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I need a way to transmit my item IDs to the browser in a way that prevents spidering/crawling the items.

My thought is to encrypt the integer IDs with a secret and shared salt. This allows a large number of permanent but unpredictable URLs for the same unique item. Suppose I need to transmit results for records 1 and 2. Rather than transmitting IDs in the clear:

{
    1: "Item One",
    2: "Item Two"
}

I'll first encrypt the IDs at the web server:

string RESULT_SET_SALT = "randomValue1";
foreach(ResultItem item in results) {
    item.id = encrypt(SECRET, RESULT_SET_SALT, id);
}

What is actually transmitted to the client is the salt and encrypted values:

{
    RESULT_SET_SALT: "randomValue1",
    387439: "Item One",
    79: "Item Two"
}

When the client selects an item to view details, the AJAX request includes the salt and encrypted value.

$.get("/ItemDetails/387439?RESULT_SET_SALT=randomValue1");

At the server the ID is decrypted using the SECRET and SALT the client included in the request.

int actualRequestedId = decrypt(387439, "randomValue1", SECRET); // result is 1

This is informative: Simple integer encryption And this: Way to encrypt a single int

Neither article talks about using a salt. Probably, if I just split the secret into two parts and transmit half of it, no one would put in the effort to crack it, but I know that type of abuse of an algorithm often breaks it and I'd prefer to do it correctly.

Any recommendations? It isn't necessary to keep the IDs as int, but I'll be transmitting large batches of them and do need to keep them small. Since there will be a large number of IDs and the encryption process will block the result UI, it shouldn't be too expensive. It would be nice if this leveraged out-of-the-box .NET (C#) encryption

EDIT: It occurs to me that another (higher bandwidth) approach is to add a random high-32-bits to each ID and encrypt it with the secret, rather than using a salt. That would work great, except since this is another abuse of an algorithm, a user's ability to generate multiple iterations from the same ID might well compromise the secret (or less importantly the individual ID).

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  • You should check format preserving encryption. The reason that you don't find anything about a salt is that encryption does not use salts. It may use IV's or NONCE's, but salts are generally used for key derivation functions. Jul 28, 2012 at 11:54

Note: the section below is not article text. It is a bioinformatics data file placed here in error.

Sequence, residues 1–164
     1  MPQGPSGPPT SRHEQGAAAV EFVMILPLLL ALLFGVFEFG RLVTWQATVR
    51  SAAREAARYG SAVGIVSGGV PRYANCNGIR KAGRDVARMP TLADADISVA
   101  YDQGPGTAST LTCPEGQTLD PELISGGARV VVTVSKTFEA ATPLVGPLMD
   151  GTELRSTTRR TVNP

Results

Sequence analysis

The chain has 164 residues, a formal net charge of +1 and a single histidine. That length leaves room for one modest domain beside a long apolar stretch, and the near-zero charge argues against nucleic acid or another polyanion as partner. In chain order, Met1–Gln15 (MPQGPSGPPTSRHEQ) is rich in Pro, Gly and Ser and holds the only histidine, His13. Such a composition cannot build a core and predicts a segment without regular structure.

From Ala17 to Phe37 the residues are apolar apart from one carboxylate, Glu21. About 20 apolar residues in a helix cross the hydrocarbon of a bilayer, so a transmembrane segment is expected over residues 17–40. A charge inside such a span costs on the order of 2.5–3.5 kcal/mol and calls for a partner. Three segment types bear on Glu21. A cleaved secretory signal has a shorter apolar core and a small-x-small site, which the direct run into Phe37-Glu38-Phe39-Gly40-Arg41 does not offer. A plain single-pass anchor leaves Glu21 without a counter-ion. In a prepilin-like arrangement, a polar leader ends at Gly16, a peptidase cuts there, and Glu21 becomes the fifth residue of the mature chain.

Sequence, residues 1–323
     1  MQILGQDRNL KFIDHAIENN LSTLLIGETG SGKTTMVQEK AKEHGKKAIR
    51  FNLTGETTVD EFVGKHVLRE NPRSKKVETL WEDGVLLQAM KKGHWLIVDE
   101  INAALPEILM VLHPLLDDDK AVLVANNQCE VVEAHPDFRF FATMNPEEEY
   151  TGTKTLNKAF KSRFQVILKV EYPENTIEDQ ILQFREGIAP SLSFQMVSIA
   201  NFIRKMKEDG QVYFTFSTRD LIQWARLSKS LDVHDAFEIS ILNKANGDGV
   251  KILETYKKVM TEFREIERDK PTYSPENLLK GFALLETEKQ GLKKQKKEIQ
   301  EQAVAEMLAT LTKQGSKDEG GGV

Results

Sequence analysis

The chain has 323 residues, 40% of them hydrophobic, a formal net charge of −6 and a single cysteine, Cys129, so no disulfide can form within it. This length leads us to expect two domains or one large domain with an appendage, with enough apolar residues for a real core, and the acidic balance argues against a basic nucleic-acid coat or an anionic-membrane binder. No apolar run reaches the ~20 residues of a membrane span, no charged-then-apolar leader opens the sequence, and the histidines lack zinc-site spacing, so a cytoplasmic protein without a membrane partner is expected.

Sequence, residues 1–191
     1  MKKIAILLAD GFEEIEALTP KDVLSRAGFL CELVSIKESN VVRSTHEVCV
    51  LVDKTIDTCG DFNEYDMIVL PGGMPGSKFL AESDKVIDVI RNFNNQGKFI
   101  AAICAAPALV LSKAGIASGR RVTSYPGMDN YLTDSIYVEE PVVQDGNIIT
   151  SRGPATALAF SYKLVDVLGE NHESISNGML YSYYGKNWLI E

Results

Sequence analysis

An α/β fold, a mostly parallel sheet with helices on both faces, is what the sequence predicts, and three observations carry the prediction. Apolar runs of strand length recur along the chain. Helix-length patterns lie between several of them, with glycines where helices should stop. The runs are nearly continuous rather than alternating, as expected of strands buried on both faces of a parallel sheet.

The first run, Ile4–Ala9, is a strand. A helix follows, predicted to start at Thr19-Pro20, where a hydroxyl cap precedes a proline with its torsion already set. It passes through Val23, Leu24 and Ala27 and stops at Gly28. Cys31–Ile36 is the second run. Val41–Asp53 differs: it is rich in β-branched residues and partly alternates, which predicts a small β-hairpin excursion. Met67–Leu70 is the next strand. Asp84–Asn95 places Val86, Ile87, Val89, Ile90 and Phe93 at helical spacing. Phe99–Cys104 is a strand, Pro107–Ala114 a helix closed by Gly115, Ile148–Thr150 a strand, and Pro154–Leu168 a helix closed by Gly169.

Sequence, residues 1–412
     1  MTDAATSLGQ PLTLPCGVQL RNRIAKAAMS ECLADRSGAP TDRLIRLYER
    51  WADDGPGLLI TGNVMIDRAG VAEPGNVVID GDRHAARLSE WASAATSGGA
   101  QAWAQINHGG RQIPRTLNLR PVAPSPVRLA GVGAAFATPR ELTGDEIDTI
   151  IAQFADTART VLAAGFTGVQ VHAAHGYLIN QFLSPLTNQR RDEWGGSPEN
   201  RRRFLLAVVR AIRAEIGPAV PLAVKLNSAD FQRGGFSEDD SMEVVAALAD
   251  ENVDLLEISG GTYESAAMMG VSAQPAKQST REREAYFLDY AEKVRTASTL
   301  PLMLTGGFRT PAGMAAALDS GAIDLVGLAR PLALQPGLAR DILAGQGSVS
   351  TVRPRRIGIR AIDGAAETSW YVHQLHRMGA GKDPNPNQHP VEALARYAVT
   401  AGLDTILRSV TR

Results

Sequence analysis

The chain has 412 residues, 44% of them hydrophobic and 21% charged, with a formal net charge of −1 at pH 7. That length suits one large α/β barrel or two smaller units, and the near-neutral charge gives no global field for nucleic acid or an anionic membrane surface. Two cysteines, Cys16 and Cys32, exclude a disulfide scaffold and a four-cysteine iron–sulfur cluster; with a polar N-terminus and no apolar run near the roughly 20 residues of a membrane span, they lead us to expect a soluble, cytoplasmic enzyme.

• I wonder if it would have achieved the same result to simply perform some non-secret operation on the IDs, based on a secret associated with each response (either encrypted and sent with the response and related requests-for-details, or stored in server session state). I didn't really need to encrypt the numbers. So just add or XOR them to the ID.
    – shannon
    Jul 29, 2012 at 3:42
  • Encryption in this case does not seem to be the only possible answer indeed. And if it is present, it should be part of a well thought out scheme. Crypto is not magic (unfortunately, it would make me a magician :) ). Jul 29, 2012 at 11:07

1 Answer 1

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Format preserving encryption is probably the thing you are looking for, but it is not easy to implement. You could use a random key that is linked to the session at the server. An attacker would be able to simply request all values, but it cannot guess them.

CTR ciphers can encrypt any value and return the same size (in bits). They have a better availability (in API's), but they require a NONCE for each encryption with the same key.

Alternatively you could simply keep a table at the server and remember a random ID to item ID. That way the attacker simply has no way to retrieve anything but the items submitted to him through the server. This might be much easier than the other solutions, but it would require additional memory for the table (of course).

This in addition to the answers submitted in the other links.

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  • I like the idea of a random key in a server session key, but I also don't like it. So far, I've been able to avoid session completely (no client-linked state). I suppose encrypting/transmitting a random symmetric key for each response does the same. Another feature I was shooting for was the non-uniqueness of URLs for a unique item (detail/987343 and detail/12392 might return the same item). I realize that separating the salt out in cleartext doesn't offer this... as you said, just iterate all the encrypted IDs. Although, since most won't exist, in practice a daily quota will defeat this.
    – shannon
    Jul 29, 2012 at 3:26
  • Also, it wouldn't just be more memory at the server to have a memory map of ID to random ID. It would mean either the map is persisted in my database, or not valid across servers or application restarts. I'm still processing your answer, and will probably accept it, although my architecture may be the real constraint. I suppose I could have a separate mechanism for e-mailing semi-persistent item URLs, they would just have an expiration date.
    – shannon
    Jul 29, 2012 at 3:33
  • Thank you for your help, I'm accepting this answer and posting the question from another perspective.
    – shannon
    Jul 29, 2012 at 3:38
  • here's my follow-up question: stackoverflow.com/questions/11706613/…
    – shannon
    Jul 29, 2012 at 4:16

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